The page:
On June 1, 2003, the Yankees were in Detroit playing the Tigers in the finale of a three-game series. Earlier in the series, the Yankees had taken over first place in the AL East and would end the season by playing in the World Series. Meanwhile, the Tigers were already 16.5 games back in the AL Central and would finish with a record of 43-119. But on this Sunday afternoon, they played a very close game, because baseball is weird.
Roger Clemens got the start for the Yankees on the verge of history. This was his second attempt at career win #300, having failed to get it on May 26 against the Red Sox. Things couldn't have gotten off to a better start for Clemens. After the teams traded runs in the second, the Yankees scored three in the third and then three in the fifth.
However, things then went downhill. In the bottom of the fifth, Clemens allowed five runs on five hits, letting the Tigers right back in the game. He gave up a home run to Gene Kingsale (well, Sir Gene Kingsale--he was a knight like Didi Gregorius), who didn't play in the major leagues again after the 2003 season. It wasn't all his fault though, as the Yankees' defense committed three errors in the inning. Despite all that, Clemens eventually got out of the inning with the Yankees in front 7-6.
The Yankees picked up an insurance run in the top of the sixth, and Clemens pitched a scoreless inning in the bottom half. After that, the bullpen took over to try and seal Clemens' historic win. Sterling Hitchcock was the man brought in to pitch the seventh. He allowed two singles either side of a foul out, and was immediately taken out. Antonio Osuna was brought in to clean up the mess and he did not do that. He gave up a single to Carlos Pena, which scored a run. He walked Eric Munson, and gave up another run on a Shane Halter sacrifice fly. The lead was gone, as was Clemens' 300th win.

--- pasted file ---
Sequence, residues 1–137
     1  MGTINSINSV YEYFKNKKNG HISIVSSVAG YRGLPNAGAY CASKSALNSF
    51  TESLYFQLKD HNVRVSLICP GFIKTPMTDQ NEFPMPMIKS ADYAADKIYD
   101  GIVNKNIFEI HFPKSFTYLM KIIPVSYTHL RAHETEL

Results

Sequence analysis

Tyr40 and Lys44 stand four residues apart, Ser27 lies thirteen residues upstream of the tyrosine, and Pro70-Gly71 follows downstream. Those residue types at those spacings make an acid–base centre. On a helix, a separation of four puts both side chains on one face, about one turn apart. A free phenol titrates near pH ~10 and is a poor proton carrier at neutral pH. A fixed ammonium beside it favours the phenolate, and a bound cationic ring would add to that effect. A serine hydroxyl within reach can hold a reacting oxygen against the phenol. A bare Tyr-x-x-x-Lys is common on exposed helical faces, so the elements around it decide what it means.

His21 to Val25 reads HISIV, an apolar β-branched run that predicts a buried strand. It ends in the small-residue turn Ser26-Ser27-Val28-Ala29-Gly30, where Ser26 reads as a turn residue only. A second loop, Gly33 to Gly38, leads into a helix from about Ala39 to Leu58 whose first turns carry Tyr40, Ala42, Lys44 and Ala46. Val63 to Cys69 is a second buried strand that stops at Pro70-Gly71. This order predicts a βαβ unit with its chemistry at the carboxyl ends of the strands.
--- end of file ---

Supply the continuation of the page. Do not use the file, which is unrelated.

The craziness was only just beginning, though. The game went into extra innings. In the tenth, the Yankees had a chance to take the lead. Jason Giambi drew a leadoff walk and was replaced for by a bad pinch-runner named Charles Gipson. That was followed by a wild pitch, a walk, and a bunt, putting two runners in scoring position with just one out. The Tigers then intentionally walked Raul Mondesi to get to Juan Rivera. Good decision. Rivera grounded into a double play. More on Juan Rivera in a bit.
That was the best chance either team had at scoring for quite a while. The Yankees deployed Mariano Rivera for two innings, and then used David Wells in relief. Wells made 31 appearances for the Yankees in 2003. He was the starting pitcher in 30. But on this day, he had to throw 5+ innings in relief. The game went 17 innings before home runs by Alfonso Soriano and Jorge Posada finally broke the deadlock in the 17th.
Wells came back out for the 17th and immediately allowed a single to Bobby Higginson. Wells then got two straight ground outs, before Munson doubled. That scored Higginson and put the tying run in scoring position. Joe Torre brought in Juan Acevedo to face Halter. Acevedo finally ended the game by inducing a Halter fly out. After 17 innings and over five hours of baseball, the Yankees won 10-9.
Some fun facts about this game:
Juan Rivera. I talked earlier about his double play in the 10th. That was not the only one he hit into on this day. He also grounded into a double play in the second, and then did it again in the 15th. His Win Percentage Added for the day was -0.820. According to the Play Index on Baseball-Reference, that is the worst game from a hitter in terms of WPA ever. So basically, never in the history of baseball has someone done more to hurt his team in one game than Rivera did in this one. What's even more amazing is that he actually walked once. He reached base and still hurt his team more than anyone else ever.
In the third inning, Posada tried stealing a base. That ended like you imagine it did.
The Yankees ended the 2003 season in the World Series, while the Tigers ended the 2003 season with a .265 winning percentage. Yet on this day, they were even. That's why baseball is the best.